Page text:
Having the Courageous Conversation About Long-Term Care

We all know baby boomers are aging.  Every day 3,000 boomers in Canada and 10,000 boomers in the US turn 65.  While medical science has made major advancements that are continuing to prolong people’s lives there are some people who are not going to be in a position to take care of themselves at home in the years to come. According to statistical data, one out of two Canadians is likely going to need long-term care after they reach the age of 75.

No one likes to have to have the ‘courageous conversation’ with their parents about the possibility of needing long-term care, especially when they are healthy, but have them we must.  And it’s not just the boomers who will require the long-term care who are affected; it is also the boomers who will become the caregivers.
Caring for a senior? You aren't alone. Learn more about the resources available to caregivers of the aging in Caregivers of Aging Parents and Family Members.

About 2.7 million Canadians provided unpaid care to people 65 and over with some form of long-term health problem in 2007, an increase of over 670,000 in 2002, the study says. Projections show that by 2056, the proportion of Canadians age 65 or older will more than double, to over one in four; similarly, the proportion of people 80 and over will triple to about one in 10 (2007 General Social Survey (GSS) on Family, Social Support and retirement).

In the US according to an AARP survey, some 35% of boomers have been responsible for the care of their elderly parents, up from 26% in 1998.  Meanwhile, half of boomers are still raising a young child, in some cases their grandchildren as well, or providing financial assistance to an adult child, according to Pew Research Centre.  So go ahead, just try to retire!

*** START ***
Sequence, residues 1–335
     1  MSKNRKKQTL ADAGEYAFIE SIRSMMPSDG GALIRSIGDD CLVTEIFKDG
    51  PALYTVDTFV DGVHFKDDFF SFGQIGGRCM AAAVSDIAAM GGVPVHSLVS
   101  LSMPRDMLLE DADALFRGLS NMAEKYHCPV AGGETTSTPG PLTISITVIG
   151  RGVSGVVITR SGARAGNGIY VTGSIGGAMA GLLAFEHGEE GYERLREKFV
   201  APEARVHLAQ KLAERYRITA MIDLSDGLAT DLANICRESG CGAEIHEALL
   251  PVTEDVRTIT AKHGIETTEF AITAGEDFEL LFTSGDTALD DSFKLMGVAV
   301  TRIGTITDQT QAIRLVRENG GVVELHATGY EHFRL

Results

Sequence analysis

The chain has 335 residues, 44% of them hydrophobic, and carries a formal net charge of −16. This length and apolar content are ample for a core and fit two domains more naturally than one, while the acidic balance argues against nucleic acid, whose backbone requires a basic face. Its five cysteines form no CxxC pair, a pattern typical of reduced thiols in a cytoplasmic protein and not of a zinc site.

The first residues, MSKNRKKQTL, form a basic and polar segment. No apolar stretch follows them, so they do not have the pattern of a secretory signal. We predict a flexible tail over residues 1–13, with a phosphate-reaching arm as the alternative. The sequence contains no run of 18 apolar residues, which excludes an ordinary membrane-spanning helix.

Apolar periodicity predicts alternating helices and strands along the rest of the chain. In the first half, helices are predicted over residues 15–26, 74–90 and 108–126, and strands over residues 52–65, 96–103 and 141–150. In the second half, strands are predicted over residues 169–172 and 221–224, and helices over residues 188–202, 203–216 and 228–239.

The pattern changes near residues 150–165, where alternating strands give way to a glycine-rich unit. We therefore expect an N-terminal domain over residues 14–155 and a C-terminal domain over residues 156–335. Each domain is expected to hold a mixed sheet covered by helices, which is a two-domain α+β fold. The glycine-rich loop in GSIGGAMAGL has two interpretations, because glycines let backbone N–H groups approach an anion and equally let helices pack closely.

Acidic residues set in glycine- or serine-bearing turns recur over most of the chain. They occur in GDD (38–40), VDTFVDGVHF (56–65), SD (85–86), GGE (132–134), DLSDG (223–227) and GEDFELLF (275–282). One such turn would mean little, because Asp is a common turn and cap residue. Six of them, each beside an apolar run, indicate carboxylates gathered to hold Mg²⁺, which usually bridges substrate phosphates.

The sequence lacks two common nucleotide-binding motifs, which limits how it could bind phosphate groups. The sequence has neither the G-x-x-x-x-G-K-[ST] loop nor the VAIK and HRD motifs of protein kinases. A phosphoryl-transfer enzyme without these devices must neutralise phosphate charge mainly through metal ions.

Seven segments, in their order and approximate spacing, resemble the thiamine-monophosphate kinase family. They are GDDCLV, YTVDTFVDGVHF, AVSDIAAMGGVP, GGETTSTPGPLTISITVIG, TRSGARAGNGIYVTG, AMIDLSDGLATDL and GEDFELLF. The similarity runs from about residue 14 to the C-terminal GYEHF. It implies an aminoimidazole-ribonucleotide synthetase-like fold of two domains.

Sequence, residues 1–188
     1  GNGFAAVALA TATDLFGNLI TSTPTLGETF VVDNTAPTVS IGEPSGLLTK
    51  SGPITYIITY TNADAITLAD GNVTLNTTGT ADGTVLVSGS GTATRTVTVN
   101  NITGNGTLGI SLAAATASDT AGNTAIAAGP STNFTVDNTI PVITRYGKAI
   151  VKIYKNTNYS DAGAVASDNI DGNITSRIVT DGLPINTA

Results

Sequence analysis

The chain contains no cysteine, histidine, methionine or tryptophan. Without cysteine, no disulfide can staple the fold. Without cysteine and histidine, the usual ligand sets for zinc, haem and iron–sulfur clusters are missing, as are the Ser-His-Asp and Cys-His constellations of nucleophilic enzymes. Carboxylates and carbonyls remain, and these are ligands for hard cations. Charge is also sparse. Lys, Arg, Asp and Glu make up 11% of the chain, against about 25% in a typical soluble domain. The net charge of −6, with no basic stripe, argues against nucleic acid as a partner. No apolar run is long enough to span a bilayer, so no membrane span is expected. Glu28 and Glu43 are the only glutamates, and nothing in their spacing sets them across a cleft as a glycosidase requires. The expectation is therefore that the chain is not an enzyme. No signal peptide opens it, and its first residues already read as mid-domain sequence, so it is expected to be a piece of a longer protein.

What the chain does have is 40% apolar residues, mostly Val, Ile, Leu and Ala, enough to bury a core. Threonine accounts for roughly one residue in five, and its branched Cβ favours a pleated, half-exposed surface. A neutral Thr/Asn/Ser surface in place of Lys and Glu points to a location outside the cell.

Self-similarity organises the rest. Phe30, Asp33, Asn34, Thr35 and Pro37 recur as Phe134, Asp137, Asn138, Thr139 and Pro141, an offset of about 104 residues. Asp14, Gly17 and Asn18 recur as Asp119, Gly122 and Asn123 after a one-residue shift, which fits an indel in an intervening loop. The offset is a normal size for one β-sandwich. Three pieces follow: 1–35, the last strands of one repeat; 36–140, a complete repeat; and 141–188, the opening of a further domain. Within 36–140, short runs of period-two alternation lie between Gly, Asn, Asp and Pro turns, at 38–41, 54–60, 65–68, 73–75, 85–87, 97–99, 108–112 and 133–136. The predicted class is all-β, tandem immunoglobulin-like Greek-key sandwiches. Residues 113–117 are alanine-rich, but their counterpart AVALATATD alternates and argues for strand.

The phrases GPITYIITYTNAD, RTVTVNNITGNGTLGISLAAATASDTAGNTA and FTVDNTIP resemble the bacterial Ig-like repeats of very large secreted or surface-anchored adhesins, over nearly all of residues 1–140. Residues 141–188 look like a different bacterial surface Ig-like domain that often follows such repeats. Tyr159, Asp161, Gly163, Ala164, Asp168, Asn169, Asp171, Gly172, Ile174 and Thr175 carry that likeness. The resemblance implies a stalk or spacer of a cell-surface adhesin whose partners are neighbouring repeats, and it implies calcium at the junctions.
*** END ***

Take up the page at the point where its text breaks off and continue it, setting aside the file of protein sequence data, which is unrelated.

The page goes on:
Learn more about long-term care communities and ensuring your loved one gets the care they deserve in Long Term Care Retirement Homes.

Here are the Top 5 ‘courageous conversations’ you need to have with your family, and yourself:

  1. What plans do you currently have in place if you were to become critically ill or require long term care?

  2. Have recently reviewed your wills and pre-estate documents for financial and health matters to make sure they are up-to-date?

  3. Do you know what your employers policy is in relation to the care giving demands you might potentially face?

  4. Do you know where to get help for yourself if you become overwhelmed by the support that you might be required to provide to your parents?

  5. If you are responsible for looking after your elderly parents, have you made sure there is sufficient life insurance in place (in addition to what you have provided for your family) to care for them after you are gone?

When was the last time you had this type of discussion with your family? Have you put any of those decisions on paper? What did you find helpful? What would you suggest to others? Share your tips with me on twitter @janeblaufus.
To find out more personal and financial planning tips about this subject and other issues, you can order my book WITH THE [STROKE] OF A PEN™, Claim you life at janeblaufus.com.  Follow me on Twitter  and please visit my Facebook page.

To book Jane for an interview or to provide commentary, please contact:

Rania Walker
Phone: 416-258-8953
E-mail: [email protected]

About Jane:

Jane Blaufus is an Author, Professional Speaker and Catalyst for ‘Courageous Conversations’.  Her book, WITH THE [STROKE] OF A PEN™, Claim your life shares her personal story, struggles and lessons learned following the unexpected death of her first husband. She has been featured on the CTV National News Channel, CBC’s Lang and O’Leary Exchange, CHCH Morning Live, CFRB NewsTalk 1010 and CTV News at Noon. Feel free to visit her blog.

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Have you had a similar experience to Jane's? Share your thoughts in the Comments section below!

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